AmandaPandtheTantrumofDoom Thu 27-Jun-13 16:32:24

Scallops - Sorry if I wasn't clear. What I meant was you didn't necessarily need to directly debate about terminology to undermine the rhetoric from terms like pro-life. Sometimes you do need to debate that stuff head on, just as you need to address dangerous anti-women legislation head on. But at other times, maybe we can just chip away at the use of that term whilst doing other things.

scallopsrgreat Thu 27-Jun-13 20:49:22

On no Amanda I think you were quite clear. I just misunderstood. Ignore me I've got a cold! smile

VodkaRevelation Thu 27-Jun-13 21:04:15

I have always seen the term pro-life, as used by anti-abortionists, as meaning pro the life of an unborn child. I think for most people it is a given that we are pro-life in the general sense.

If you are pro life and pro choice do you value choice and/or the mother's life above the life of an unborn child?

mignonette Thu 27-Jun-13 21:10:36


specialsubject Thu 27-Jun-13 21:11:54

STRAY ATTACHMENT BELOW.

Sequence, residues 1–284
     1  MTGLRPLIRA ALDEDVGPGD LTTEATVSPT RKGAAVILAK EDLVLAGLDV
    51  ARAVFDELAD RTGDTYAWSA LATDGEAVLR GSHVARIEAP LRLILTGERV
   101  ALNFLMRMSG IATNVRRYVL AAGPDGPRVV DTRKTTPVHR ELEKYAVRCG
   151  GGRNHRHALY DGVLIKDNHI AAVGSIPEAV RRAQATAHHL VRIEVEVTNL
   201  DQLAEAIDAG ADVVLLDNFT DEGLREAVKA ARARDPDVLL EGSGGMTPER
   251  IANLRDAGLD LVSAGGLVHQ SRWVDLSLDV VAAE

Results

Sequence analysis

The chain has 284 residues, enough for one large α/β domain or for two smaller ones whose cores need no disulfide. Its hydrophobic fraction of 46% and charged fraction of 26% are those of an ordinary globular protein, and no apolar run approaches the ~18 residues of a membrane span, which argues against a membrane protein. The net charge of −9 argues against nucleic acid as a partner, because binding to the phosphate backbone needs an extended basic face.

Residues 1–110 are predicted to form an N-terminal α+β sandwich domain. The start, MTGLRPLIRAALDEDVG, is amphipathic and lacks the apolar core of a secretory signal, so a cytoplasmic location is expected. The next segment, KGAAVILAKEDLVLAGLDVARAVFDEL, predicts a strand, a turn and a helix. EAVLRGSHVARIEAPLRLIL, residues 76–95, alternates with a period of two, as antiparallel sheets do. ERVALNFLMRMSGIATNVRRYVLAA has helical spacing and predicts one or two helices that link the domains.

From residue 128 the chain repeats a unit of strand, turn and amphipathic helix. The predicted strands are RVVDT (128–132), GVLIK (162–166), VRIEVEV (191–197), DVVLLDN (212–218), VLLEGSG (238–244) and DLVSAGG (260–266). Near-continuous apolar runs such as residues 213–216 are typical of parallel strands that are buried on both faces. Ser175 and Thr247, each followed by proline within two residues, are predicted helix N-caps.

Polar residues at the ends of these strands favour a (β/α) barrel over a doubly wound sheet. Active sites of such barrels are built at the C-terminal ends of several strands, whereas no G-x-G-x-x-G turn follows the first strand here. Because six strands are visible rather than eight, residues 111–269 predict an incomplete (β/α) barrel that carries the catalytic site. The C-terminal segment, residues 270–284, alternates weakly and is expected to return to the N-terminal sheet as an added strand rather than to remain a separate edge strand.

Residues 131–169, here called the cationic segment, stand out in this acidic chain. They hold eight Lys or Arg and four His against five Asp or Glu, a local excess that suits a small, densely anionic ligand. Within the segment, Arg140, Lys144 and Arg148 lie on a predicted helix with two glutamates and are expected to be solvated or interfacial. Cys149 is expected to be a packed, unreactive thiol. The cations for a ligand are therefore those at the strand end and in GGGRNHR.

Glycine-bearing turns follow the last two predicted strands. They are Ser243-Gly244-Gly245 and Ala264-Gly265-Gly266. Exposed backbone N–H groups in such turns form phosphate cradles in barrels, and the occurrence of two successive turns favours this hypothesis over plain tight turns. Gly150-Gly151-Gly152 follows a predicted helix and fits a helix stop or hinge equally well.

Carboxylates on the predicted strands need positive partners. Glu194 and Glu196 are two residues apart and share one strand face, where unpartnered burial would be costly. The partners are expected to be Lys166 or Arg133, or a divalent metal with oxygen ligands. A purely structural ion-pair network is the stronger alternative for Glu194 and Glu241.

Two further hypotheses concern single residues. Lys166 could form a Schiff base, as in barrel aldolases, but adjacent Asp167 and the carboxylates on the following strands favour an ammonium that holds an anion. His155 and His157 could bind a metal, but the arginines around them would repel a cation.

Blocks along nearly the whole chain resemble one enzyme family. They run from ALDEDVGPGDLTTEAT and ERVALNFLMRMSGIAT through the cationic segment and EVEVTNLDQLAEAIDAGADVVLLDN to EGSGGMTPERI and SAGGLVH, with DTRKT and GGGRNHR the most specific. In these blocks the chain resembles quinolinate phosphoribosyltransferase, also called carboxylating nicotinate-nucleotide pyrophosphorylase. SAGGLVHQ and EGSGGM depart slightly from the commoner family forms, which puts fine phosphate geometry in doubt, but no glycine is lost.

and so do I.

anyone seriously against abortion must be prepared to adopt and bring up an unwanted child. Never heard of any anti-choicers that would.

HairyLittleCarrot Thu 27-Jun-13 21:18:23

well said, Amanda. I completely agree.

And in answer to vodka's question, I personally value a woman's life more than the foetus inside her body, yes.

I do not believe that the law should have any say in what a woman chooses to do with her own body, at any time in her life. I'm elated that the filibusting was successful. It gives me hope to see that people are willing to fight for freedoms of others which are being eroded.

VodkaRevelation Thu 27-Jun-13 21:33:27

I think abortion should always be available where there is a medical need or in cases of rape but I do think women have the choice to not have a child before they become pregnant.

TheDoctrineOfAllan Thu 27-Jun-13 21:44:59

Yup, and they also have the choice not to have a child if they conceive one.

HairyLittleCarrot Thu 27-Jun-13 22:33:28

how would you evaluate whether a woman was actually raped or not, vodka?
and what would you say to the woman who you decided, nope, I don't reckon you were raped, so you cant have an abortion. Off you go, now.
and how would you treat the woman who felt violated by having to prove that she was raped, to you, the judge of her worthiness to have an abortion?
how long would this "raped or not" trial last?
what about the woman who doesn't feel what she does with her own body or why she does it is any one else's business so won't discuss the sex act which led to her pregnancy with you?